- Abused Mom
- Dara-Lynn Weiss
- Diets for Kids
- Eat Right
- Figure Skating Boys
- Gay Children
- Gender-Variant Children
- GLBT Community
- Green Light
- Kids Weight Loss
- Medicating Children
- Non-conforming boys
- Pink Boys
- Red Light
- Tourette Syndrome
One afternoon just before Christmas, as I picked up the pieces of a plate G had smashed, I felt a sense of great calm. It was the first time all season that it felt like Christmas. Both boys had been sent to their rooms, and they actually went and stayed. I hummed along to Shawn Colvin’s In the Bleak Midwinter as I swept up shards of one of the last remaining wedding-gift plates. For the first time since the boys were out of school, I felt like I could make it to my 3 o’clock xanax.
Just weeks before, we had increased G’s Zoloft because his rages were getting worse. In retrospect, this was about the worst thing we could have done. “It may be that the door to the bathroom is locked from the inside,” I wrote in my journal some time in that last week before Christmas break, “but that hardly matters when there is an enraged 8-year old with a 3 foot metal rod on the other side.”
I gave up on homework and focused my energy on how to get G out of the school building without running up onto the roof of the car, or how to transport both boys in the car without anyone getting injured. My desperation increased with the degree of G’s heated temper and lead me to seek out the help of, not just another professional, but an intuitive healer. When she looked into my eyes and said, “I think he has issues with spiritual possession,” I thought, “Duh. So much for your intuitive insight.”
Daily I found myself with my arms curled around a struggling, muscular child who was doing his best to inflict the greatest amount of harm. One second he would turn his face toward me crying, “Mommy, I’m so sorry!” and then, as I eased my grip, reach around and punch me, hard, in the jaw. I feared he was outgrowing my ability to keep him safe. My biggest fear was that hospitalization was eminent.
Not able to get in to see the pediatric neurologist until June, I went through a series of frantic phone calls to child psychiatrists in the area, all of whom were too busy to see us. In the end we had to wait three days, but we got an appointment with a PA who works with our neurologist as well as some guidance on weaning G off Zoloft. When the blessed appointment finally arrived, and she started with, “Now that I see you (seemingly normal parents)…” I wondered just how frantic my phone calls had been.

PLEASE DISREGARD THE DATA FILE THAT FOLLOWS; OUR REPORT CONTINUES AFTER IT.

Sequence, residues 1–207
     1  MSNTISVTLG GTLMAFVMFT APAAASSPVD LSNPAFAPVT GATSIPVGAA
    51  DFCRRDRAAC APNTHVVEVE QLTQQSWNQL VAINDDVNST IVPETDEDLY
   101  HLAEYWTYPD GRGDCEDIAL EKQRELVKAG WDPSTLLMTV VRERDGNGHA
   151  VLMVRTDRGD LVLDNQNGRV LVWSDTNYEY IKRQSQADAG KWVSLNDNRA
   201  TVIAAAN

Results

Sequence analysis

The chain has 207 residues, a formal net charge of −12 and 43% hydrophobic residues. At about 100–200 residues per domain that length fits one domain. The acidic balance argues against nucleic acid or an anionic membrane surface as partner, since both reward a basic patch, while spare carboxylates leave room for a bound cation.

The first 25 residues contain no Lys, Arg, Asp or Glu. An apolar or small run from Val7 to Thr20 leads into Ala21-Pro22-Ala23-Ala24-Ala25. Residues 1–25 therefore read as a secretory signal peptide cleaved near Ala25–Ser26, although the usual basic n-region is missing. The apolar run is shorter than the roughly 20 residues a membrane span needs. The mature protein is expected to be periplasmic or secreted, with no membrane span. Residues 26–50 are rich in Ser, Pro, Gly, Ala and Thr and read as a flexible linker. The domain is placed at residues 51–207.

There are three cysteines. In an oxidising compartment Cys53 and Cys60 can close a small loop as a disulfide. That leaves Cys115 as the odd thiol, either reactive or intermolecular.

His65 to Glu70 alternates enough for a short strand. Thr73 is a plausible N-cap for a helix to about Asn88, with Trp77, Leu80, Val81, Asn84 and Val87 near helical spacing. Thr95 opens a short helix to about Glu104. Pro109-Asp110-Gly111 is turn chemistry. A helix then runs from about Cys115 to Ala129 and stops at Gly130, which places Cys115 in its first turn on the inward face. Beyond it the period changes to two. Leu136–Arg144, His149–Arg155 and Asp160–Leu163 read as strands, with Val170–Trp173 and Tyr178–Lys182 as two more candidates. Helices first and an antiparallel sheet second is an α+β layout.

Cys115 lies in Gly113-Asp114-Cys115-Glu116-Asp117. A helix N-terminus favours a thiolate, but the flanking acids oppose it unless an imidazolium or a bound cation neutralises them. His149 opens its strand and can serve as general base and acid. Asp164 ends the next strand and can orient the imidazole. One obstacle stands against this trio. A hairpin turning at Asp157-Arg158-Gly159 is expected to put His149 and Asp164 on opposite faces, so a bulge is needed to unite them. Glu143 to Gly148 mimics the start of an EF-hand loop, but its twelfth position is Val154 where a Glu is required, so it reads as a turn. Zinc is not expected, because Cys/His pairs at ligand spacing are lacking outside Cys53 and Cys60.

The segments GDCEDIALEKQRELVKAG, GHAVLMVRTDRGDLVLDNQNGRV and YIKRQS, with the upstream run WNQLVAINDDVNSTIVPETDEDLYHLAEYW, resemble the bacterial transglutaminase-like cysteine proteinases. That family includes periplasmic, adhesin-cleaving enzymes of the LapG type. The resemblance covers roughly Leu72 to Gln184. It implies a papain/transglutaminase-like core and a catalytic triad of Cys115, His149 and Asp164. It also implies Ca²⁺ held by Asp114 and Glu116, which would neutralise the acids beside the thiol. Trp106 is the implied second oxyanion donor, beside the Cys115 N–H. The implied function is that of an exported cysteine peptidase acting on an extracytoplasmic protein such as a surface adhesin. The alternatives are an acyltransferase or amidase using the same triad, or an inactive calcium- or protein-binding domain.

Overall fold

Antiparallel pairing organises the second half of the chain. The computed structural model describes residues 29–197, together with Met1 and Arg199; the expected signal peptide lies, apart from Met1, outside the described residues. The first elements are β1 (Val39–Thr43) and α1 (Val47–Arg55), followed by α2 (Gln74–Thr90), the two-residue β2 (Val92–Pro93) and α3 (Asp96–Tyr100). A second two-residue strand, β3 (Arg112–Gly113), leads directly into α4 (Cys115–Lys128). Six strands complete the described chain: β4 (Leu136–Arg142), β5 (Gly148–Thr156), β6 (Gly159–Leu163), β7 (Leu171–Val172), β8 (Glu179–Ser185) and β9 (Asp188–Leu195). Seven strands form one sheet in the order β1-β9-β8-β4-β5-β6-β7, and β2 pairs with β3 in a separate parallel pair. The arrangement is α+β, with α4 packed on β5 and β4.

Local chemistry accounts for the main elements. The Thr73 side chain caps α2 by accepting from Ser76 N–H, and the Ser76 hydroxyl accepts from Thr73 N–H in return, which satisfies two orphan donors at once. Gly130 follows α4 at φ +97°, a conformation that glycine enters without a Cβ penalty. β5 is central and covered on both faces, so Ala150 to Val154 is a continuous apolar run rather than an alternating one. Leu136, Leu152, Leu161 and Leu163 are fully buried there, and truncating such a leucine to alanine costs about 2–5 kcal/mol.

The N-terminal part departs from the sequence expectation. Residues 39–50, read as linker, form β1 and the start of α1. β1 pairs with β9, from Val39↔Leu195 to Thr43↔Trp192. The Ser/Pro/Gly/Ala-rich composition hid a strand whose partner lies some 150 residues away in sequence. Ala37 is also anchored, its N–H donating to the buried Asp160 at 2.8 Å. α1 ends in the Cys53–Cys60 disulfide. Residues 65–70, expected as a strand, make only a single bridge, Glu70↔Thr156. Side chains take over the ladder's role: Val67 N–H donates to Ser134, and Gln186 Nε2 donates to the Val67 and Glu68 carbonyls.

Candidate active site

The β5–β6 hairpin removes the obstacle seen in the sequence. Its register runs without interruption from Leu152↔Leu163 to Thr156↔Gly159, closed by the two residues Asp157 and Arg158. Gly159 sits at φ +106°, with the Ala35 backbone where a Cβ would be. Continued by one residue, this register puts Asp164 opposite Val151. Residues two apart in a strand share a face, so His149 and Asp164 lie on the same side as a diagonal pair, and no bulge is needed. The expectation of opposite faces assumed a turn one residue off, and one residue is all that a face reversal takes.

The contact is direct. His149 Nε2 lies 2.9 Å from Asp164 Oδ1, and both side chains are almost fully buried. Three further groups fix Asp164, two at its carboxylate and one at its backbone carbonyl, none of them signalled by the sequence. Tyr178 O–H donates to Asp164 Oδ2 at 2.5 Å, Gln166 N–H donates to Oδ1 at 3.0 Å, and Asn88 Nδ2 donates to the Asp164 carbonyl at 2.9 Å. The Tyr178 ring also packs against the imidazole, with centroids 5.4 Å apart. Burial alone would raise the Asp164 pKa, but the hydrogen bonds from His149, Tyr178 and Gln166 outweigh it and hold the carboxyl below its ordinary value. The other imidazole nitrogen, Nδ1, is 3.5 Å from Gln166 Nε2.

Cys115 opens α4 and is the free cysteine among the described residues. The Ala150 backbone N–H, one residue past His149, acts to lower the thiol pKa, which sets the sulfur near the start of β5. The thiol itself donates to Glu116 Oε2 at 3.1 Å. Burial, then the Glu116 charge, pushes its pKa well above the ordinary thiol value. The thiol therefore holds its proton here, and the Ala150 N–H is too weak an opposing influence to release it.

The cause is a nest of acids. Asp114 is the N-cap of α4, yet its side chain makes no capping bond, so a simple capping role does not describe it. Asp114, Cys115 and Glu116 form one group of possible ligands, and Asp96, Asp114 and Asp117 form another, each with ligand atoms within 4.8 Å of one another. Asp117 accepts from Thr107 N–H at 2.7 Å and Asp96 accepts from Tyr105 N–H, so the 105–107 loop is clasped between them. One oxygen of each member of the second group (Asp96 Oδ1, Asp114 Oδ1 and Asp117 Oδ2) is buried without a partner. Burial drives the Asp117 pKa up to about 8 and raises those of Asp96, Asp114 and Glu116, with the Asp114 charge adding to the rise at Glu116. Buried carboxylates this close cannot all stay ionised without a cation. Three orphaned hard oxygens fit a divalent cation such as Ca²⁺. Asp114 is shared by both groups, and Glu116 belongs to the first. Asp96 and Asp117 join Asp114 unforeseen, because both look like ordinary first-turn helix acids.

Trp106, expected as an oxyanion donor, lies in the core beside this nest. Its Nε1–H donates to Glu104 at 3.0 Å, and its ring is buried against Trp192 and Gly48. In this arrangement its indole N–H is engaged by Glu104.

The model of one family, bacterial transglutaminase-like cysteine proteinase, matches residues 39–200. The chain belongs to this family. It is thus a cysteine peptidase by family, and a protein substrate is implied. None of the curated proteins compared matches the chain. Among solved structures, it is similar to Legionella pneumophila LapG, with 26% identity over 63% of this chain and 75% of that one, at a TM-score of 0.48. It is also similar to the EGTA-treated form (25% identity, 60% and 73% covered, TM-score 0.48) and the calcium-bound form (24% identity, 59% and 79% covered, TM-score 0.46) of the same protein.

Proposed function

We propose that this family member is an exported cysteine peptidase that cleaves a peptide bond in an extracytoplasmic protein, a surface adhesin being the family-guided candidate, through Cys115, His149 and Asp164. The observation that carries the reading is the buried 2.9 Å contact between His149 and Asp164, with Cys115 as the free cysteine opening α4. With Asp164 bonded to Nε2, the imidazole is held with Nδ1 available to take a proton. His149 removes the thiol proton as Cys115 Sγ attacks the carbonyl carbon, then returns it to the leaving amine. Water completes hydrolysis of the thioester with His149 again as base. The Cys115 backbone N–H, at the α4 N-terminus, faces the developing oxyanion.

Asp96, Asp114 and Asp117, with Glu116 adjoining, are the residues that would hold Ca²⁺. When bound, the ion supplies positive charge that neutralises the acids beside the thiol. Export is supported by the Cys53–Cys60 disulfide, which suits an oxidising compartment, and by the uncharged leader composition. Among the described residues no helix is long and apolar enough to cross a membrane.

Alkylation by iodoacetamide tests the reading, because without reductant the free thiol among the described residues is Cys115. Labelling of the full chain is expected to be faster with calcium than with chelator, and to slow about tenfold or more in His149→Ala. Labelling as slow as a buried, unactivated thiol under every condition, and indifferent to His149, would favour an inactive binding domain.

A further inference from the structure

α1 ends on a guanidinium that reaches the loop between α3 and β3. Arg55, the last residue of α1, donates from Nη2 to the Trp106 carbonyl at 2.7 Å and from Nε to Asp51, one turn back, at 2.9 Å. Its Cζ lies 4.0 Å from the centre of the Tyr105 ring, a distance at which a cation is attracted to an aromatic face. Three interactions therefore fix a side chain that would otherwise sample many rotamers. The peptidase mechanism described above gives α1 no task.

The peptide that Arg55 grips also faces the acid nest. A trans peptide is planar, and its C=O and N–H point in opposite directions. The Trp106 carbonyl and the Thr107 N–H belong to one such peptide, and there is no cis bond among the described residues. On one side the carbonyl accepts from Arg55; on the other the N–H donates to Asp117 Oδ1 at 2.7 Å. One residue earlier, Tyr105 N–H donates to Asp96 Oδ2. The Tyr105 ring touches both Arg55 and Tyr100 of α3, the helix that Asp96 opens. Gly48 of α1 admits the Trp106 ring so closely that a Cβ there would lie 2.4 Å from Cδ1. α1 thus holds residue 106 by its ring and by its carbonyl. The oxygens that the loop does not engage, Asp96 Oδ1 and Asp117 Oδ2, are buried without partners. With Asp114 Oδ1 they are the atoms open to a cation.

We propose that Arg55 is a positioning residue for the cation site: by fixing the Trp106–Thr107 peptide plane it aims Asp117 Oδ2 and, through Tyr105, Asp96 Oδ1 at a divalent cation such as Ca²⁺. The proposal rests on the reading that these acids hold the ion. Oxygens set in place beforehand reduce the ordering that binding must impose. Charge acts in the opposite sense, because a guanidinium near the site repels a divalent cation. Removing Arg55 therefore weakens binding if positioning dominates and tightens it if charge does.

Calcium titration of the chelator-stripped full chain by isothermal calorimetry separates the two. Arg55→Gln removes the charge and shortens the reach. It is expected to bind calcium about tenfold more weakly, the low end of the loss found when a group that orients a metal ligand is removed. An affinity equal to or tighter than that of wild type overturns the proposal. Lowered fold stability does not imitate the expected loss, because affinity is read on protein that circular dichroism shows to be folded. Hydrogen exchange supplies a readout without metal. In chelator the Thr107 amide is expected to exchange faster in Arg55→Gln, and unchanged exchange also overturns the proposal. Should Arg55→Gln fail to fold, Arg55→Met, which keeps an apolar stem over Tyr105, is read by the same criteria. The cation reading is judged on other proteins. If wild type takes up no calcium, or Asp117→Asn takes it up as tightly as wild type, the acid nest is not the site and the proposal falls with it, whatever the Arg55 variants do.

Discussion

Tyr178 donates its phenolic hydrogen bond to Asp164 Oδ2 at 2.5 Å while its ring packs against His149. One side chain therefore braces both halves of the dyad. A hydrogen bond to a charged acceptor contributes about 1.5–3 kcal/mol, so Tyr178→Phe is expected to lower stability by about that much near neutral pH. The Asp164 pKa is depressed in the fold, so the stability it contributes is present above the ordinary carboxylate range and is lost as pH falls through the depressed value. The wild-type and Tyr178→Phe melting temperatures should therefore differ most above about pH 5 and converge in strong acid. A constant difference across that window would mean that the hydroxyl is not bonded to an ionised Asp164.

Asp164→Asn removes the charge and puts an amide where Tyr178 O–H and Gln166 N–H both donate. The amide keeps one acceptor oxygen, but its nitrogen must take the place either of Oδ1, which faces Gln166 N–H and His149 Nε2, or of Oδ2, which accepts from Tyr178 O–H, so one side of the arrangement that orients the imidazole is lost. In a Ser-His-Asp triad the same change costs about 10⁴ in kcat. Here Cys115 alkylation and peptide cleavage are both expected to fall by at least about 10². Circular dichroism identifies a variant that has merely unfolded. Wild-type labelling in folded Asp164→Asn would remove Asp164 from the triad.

G had been on the lower doze of Zoloft for three days at that appointment, and already we started to see a much calmer kid. She recommended keeping him on the lower dose of Zoloft but added Abilify, which turned him into a complacent zombie, for which we were enormously grateful. The Abilify was taking care of the rages, but he was lethargic, not able to pay attention. Somewhere a stimulant was discussed, but we’d already been down that road. They all increased his tics.
Then, through a series of phone calls and e-mail with the PA and late nights on message boards and medical sites, we came to the likely conclusion that Zoloft caused G to go into manic, violent rages. Apparently Zoloft does this in bipolar children–not only causes mania but manic rage. There are “suicide watch” warnings on the label, but nothing about rage.
As the Zoloft left his system, we were able to reduce the Abilify, and we started to see a giddy mania emerge–a welcome change after all we had been through. However, we were now faced with further evidence that our kid might be bipolar.
Life went on. The tics got worse and then better. The OCD worse. The moodiness is still there. This morning he demanded a new brother from behind his closed bedroom door and then emerged 10 minutes later fully dressed, smiling and ready for gymnastics camp. Moody and distracted though he is, the aggression is completely gone.
I’m not anti-medication (God bless 3 o’clock xanax) but now I have to share our story about Zoloft and other drugs in its class. I genuinely feel that we nearly lost our son to it, and it wasn’t the doctor that caught it. It was, in particular, a post from an anonymous bipolar person on some listserv who wrote, “Zoloft is a cruel way to learn that you are biopolar.”
It’s hard to believe that it’s even used with kids who have Tourette Syndrome considering bipolar is not an uncommon comorbid condition. It was prescribed to G by an earlier child psychiatrist–one of the most reputable and well-known in the area–who knew bipolar was already identified as a possible diagnosis.
At any rate, now we know. We will have to revisit medication in the future–to try and help him with the obsessive thinking and the relationship-destroying moods and the tics that will probably resurface, but we will do so much more cautiously.